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Ammar H. Hawasli, Jawad M. Khalifeh, Ajay Chatrath, Chester K. Yarbrough and Wilson Z. Ray

OBJECTIVE

Minimally invasive transforaminal lumbar interbody fusion (MIS-TLIF) has been adopted as an alternative technique to hasten recovery and minimize postoperative morbidity. Advances in instrumentation technologies and operative techniques have evolved to maximize patient outcomes as well as radiographic results. The development of expandable interbody devices allows a surgeon to perform MIS-TLIF with minimal tissue disruption. However, sagittal segmental and pelvic radiographic outcomes after MIS-TLIF with expandable interbody devices are not well characterized. The object of this study is to evaluate the radiographic sagittal lumbar segmental and pelvic parameter outcomes of MIS-TLIF performed using an expandable interbody device.

METHODS

A retrospective review of MIS-TLIFs performed between 2014 and 2016 at a high-volume center was performed. Radiographic measurements were performed on lateral radiographs before and after MIS-TLIF with static or expandable interbody devices. Radiographic measurements included disc height, foraminal height, fused disc angle, lumbar lordosis, pelvic incidence, sacral slope, and pelvic tilt. Mismatch between pelvic incidence and lumbar lordosis were calculated for each radiograph.

RESULTS

A total of 48 MIS-TLIFs were performed, predominantly at the L4–5 level, in 44 patients. MIS-TLIF with an expandable interbody device led to a greater and more sustained increase in disc height when compared with static interbody devices. Foraminal height increased after MIS-TLIF with expandable but not with static interbody devices. MIS-TLIF with expandable interbody devices increased index-level segmental lordosis more than with static interbody devices. The increase in segmental lordosis was sustained in the patients with expandable interbody devices but not in patients with static interbody devices. For patients with a collapsed disc space, MIS-TLIF with an expandable interbody device provided superior and longer-lasting increases in disc height, foraminal height, and index-level segmental lordosis than in comparison with patients with static interbody devices. Using an expandable interbody device improved the Oswestry Disability Index scores more than using a static interbody device, and both disc height and segmental lordosis were correlated with improved clinical outcome. Lumbar MIS-TLIF with expandable or static interbody devices had no effect on overall lumbar lordosis, pelvic parameters, or pelvic incidence–lumbar lordosis mismatch.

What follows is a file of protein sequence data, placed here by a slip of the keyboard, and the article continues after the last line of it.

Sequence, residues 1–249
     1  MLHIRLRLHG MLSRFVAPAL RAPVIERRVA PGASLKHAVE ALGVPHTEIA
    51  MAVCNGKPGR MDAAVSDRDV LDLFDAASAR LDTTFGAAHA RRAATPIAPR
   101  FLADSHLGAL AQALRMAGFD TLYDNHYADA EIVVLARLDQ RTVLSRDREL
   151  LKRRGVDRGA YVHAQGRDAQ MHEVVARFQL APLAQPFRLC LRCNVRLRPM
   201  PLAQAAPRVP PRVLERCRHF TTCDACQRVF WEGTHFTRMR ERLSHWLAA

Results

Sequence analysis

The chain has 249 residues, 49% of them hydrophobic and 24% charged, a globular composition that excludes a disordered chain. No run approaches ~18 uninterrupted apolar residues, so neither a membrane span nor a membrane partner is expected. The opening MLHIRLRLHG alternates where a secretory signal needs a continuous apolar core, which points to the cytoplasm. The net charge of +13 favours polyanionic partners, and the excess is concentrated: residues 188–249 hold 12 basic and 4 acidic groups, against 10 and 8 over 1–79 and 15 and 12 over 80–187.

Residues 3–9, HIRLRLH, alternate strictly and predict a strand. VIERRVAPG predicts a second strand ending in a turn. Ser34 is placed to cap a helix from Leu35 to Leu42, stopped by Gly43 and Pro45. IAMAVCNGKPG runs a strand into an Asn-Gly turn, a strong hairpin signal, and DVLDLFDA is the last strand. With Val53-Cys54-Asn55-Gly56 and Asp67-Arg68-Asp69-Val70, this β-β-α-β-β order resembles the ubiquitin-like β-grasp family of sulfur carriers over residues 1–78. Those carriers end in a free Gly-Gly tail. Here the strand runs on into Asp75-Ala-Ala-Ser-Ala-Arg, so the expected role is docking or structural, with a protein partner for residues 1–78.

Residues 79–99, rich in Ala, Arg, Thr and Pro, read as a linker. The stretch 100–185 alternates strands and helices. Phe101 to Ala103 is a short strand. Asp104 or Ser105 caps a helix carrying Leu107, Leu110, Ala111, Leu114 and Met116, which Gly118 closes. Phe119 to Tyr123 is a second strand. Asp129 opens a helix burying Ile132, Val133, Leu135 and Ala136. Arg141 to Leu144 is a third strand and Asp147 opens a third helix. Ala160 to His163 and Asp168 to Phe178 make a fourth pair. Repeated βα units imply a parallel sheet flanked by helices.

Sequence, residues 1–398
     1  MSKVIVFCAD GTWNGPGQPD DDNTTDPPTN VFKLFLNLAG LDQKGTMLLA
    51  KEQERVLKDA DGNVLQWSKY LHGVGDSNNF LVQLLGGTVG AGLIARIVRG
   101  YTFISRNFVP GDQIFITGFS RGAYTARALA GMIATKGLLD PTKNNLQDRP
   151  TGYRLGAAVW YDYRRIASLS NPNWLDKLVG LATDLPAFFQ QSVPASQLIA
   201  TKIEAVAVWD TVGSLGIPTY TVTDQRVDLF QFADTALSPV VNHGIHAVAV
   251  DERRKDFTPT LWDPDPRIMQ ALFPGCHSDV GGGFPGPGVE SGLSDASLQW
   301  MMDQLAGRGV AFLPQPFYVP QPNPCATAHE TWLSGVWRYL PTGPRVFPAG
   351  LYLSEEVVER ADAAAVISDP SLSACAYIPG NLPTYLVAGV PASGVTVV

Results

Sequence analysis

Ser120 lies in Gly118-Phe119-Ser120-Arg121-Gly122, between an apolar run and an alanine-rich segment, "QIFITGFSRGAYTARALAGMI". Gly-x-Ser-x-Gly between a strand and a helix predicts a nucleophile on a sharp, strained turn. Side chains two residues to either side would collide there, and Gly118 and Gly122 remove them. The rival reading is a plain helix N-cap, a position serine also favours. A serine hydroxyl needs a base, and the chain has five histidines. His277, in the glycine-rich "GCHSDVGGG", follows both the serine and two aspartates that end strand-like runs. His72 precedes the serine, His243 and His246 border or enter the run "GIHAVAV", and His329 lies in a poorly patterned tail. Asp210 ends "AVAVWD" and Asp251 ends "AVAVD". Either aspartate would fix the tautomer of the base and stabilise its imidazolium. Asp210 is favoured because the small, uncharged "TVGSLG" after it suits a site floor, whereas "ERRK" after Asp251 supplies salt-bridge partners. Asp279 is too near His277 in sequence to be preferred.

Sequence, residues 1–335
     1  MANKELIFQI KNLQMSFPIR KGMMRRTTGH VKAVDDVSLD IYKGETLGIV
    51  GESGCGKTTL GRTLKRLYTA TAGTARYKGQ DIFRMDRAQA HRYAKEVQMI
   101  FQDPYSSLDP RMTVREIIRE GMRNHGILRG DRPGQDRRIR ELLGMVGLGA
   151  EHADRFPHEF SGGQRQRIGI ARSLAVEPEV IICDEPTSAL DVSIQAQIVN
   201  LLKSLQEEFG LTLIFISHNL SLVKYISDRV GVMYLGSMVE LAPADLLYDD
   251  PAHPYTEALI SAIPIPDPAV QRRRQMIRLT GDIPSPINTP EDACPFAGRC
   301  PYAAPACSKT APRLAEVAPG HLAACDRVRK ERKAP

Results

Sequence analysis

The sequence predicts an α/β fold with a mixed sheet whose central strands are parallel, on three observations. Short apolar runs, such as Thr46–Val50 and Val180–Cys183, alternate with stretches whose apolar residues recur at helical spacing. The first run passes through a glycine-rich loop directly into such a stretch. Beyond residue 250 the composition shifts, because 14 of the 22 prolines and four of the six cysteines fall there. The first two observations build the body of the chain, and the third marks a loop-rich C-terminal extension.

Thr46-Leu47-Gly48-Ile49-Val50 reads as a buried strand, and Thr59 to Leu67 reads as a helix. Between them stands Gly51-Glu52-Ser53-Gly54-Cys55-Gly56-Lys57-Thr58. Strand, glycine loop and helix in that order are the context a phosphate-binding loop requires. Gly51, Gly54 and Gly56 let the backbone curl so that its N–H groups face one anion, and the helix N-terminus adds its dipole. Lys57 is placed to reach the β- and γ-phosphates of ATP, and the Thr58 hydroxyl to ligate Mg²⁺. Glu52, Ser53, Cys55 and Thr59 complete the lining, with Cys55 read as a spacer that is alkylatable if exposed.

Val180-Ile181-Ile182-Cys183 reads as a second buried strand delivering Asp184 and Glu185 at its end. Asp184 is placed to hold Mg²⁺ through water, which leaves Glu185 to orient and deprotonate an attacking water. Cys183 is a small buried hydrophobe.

CONCLUSIONS

Performing MIS-TLIF with an expandable interbody device led to a greater and longer-lasting restoration of disc height, foraminal height, and index-level segmental lordosis than MIS-TLIF with a static interbody device, especially for patients with a collapsed disc space. However, neither technique had any effect on radiographic pelvic parameters.

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Sauson Soldozy, Pedro Norat, Mazin Elsarrag, Ajay Chatrath, John S. Costello, Jennifer D. Sokolowski, Petr Tvrdik, M. Yashar S. Kalani and Min S. Park

The pathogenesis of intracranial aneurysms remains complex and multifactorial. While vascular, genetic, and epidemiological factors play a role, nascent aneurysm formation is believed to be induced by hemodynamic forces. Hemodynamic stresses and vascular insults lead to additional aneurysm and vessel remodeling. Advanced imaging techniques allow us to better define the roles of aneurysm and vessel morphology and hemodynamic parameters, such as wall shear stress, oscillatory shear index, and patterns of flow on aneurysm formation, growth, and rupture. While a complete understanding of the interplay between these hemodynamic variables remains elusive, the authors review the efforts that have been made over the past several decades in an attempt to elucidate the physical and biological interactions that govern aneurysm pathophysiology. Furthermore, the current clinical utility of hemodynamics in predicting aneurysm rupture is discussed.